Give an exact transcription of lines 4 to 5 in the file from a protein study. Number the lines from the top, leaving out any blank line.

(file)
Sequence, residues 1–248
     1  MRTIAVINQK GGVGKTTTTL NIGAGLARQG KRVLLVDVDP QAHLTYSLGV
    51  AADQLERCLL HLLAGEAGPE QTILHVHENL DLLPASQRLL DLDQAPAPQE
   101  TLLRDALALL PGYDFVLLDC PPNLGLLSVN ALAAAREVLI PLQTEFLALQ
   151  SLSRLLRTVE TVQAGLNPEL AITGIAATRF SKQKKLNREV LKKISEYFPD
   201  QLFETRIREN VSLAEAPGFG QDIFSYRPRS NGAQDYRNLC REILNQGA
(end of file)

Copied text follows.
   101  TLLRDALALL PGYDFVLLDC PPNLGLLSVN ALAAAREVLI PLQTEFLALQ
   151  SLSRLLRTVE TVQAGLNPEL AITGIAATRF SKQKKLNREV LKKISEYFPD